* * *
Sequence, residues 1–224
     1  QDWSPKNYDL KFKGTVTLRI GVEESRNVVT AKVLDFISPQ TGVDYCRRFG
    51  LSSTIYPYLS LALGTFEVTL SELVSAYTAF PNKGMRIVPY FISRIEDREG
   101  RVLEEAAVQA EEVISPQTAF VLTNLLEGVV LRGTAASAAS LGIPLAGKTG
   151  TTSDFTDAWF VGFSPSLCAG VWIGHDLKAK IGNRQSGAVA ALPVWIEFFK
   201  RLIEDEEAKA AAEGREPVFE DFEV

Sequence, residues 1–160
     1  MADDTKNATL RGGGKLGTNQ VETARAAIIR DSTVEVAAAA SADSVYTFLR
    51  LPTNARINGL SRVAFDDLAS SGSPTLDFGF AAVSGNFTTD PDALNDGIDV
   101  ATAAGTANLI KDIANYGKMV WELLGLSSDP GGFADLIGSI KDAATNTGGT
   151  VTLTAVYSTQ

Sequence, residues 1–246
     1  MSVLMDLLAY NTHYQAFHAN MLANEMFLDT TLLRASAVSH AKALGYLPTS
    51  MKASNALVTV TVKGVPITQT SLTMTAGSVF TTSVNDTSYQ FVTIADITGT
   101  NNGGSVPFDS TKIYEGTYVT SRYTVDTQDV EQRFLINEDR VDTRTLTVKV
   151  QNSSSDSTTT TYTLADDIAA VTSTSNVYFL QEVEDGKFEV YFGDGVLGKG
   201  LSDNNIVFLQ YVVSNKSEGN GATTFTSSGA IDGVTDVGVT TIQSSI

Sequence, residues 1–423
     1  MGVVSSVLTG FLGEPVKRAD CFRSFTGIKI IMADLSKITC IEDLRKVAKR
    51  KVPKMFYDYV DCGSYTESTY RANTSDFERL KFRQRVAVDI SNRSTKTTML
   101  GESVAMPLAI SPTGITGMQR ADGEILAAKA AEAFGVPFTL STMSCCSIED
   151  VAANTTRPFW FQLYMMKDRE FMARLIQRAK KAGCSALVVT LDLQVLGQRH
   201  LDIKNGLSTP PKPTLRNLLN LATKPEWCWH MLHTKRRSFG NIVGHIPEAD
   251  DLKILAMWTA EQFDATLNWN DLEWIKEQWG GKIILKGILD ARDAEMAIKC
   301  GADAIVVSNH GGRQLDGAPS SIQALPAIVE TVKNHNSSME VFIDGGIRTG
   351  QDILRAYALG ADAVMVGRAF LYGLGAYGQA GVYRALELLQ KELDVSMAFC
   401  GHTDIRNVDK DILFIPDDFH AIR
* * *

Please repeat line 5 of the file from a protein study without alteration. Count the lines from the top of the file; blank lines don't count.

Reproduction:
   151  TTSDFTDAWF VGFSPSLCAG VWIGHDLKAK IGNRQSGAVA ALPVWIEFFK